Associate Faculty, Royal Roads University
Global value chains (GVCs) have been at the center of attention in both business and policy spheres around the globe for the past two years. Disruptions created in GVCs as a result of operational inefficiencies were only magnified by the COVID-19 pandemic. The discussions happening worldwide on the relevance of GVCs have allowed us to see how closely the world is interconnected via GVCs and how quickly local events can become a global matter, resulting in thousands of SMEs getting pushed out of business.
Global value chains have a critical role in the world economy and in our daily lives, representing more than two-thirds of global trade, providing essential products and services, and supporting jobs across a diversity of economic sectors ranging from agricultural and natural resources to traditional and high-tech manufacturing and a vast and diverse list of services.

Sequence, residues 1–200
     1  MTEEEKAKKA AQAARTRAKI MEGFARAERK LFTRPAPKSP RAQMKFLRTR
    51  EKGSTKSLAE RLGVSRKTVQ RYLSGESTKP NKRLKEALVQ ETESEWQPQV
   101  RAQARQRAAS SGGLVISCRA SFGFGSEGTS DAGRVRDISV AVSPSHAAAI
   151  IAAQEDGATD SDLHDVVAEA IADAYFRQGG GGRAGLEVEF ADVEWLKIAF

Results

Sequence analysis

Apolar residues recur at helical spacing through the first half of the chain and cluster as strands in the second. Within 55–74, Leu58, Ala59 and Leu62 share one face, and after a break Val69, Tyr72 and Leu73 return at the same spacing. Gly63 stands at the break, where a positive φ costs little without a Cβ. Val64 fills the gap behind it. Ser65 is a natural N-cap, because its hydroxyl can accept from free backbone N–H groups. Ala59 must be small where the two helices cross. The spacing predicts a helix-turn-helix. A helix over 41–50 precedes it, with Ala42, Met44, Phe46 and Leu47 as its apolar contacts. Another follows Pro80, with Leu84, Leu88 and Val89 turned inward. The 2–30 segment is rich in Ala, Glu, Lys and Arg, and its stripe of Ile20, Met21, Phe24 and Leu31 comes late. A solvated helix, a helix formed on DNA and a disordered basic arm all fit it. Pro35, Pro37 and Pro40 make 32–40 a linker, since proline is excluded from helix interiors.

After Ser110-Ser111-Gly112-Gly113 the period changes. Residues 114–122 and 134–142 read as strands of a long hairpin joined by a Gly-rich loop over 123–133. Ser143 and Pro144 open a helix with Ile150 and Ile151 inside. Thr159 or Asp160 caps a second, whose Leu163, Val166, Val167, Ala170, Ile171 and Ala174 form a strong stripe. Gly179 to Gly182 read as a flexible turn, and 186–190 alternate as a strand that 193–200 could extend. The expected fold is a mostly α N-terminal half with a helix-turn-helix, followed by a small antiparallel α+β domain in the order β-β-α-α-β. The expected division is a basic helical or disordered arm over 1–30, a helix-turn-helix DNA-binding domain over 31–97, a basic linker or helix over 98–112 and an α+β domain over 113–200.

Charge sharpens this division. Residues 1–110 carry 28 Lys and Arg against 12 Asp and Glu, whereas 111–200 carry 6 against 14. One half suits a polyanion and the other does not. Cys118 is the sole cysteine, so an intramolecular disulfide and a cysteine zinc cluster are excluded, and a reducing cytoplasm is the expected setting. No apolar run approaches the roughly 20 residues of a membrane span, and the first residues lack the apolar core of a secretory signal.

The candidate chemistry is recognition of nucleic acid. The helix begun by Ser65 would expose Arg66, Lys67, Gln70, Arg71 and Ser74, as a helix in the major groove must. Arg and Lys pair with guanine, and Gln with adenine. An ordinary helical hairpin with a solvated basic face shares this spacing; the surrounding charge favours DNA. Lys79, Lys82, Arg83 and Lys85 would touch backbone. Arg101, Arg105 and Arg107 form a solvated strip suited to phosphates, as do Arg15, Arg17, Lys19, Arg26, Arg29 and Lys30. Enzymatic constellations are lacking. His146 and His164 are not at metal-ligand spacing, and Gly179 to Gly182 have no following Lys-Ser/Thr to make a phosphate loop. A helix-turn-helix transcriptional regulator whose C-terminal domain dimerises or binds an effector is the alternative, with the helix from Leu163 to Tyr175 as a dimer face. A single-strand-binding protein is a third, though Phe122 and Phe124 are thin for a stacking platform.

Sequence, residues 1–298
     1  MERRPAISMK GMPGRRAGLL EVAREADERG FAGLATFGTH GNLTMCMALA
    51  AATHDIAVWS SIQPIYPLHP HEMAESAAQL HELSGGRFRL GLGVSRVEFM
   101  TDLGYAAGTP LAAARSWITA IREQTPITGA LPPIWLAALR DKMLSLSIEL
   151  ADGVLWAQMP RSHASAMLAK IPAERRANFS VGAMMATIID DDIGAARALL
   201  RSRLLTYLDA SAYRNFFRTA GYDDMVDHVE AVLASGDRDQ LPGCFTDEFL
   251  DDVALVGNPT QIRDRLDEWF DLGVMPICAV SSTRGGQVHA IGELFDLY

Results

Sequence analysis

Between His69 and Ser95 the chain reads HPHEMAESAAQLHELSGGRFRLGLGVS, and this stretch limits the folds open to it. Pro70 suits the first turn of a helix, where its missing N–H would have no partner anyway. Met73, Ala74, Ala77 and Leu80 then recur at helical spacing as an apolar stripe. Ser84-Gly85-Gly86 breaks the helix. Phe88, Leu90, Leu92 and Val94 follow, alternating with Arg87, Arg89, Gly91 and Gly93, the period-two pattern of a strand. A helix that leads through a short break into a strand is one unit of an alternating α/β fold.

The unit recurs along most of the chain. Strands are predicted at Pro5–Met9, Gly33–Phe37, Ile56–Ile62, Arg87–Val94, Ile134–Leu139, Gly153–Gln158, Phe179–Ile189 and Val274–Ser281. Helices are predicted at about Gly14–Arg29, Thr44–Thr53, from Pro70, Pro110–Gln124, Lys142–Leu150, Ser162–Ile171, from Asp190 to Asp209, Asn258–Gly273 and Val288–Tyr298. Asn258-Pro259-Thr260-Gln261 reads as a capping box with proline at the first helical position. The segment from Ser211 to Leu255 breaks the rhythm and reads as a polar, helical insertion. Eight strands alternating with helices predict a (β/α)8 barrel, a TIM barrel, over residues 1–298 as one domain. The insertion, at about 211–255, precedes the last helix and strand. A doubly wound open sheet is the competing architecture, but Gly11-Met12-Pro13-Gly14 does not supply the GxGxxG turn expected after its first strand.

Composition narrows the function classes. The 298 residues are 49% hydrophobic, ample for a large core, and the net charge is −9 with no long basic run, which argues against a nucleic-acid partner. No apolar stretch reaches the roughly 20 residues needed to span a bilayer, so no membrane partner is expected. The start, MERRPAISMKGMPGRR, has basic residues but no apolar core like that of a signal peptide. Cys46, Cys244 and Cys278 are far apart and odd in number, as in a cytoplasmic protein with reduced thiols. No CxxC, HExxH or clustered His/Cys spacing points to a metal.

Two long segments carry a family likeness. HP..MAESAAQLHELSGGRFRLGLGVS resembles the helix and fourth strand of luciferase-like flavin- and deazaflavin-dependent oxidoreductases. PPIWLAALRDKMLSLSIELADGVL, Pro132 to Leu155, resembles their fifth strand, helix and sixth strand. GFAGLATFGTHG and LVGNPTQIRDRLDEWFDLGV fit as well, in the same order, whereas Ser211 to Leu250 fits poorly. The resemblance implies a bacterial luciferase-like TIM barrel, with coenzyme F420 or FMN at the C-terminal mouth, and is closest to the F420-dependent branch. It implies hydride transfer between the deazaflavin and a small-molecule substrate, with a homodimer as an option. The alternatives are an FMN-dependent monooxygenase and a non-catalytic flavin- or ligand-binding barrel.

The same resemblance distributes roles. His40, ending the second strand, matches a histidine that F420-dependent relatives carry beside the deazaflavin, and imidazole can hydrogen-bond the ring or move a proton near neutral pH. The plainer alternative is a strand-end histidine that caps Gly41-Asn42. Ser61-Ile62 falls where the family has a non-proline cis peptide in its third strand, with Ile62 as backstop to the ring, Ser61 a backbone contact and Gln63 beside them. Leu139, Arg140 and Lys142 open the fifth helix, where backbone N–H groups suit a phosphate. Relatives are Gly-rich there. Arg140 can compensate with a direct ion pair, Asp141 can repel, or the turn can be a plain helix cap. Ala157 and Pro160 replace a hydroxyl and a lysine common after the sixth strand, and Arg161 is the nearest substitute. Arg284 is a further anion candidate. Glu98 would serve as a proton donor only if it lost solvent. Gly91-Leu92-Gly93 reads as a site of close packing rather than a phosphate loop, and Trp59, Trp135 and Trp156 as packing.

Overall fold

While the ongoing discussions on GVCs have produced worthwhile conversations by creating more awareness and a better understanding of their relevance, we cannot deny that these discussions are not enough to remedy future disruptions that might happen as a consequence of new contingencies. Nor can they support efforts to build more resilient value chains after COVID-19.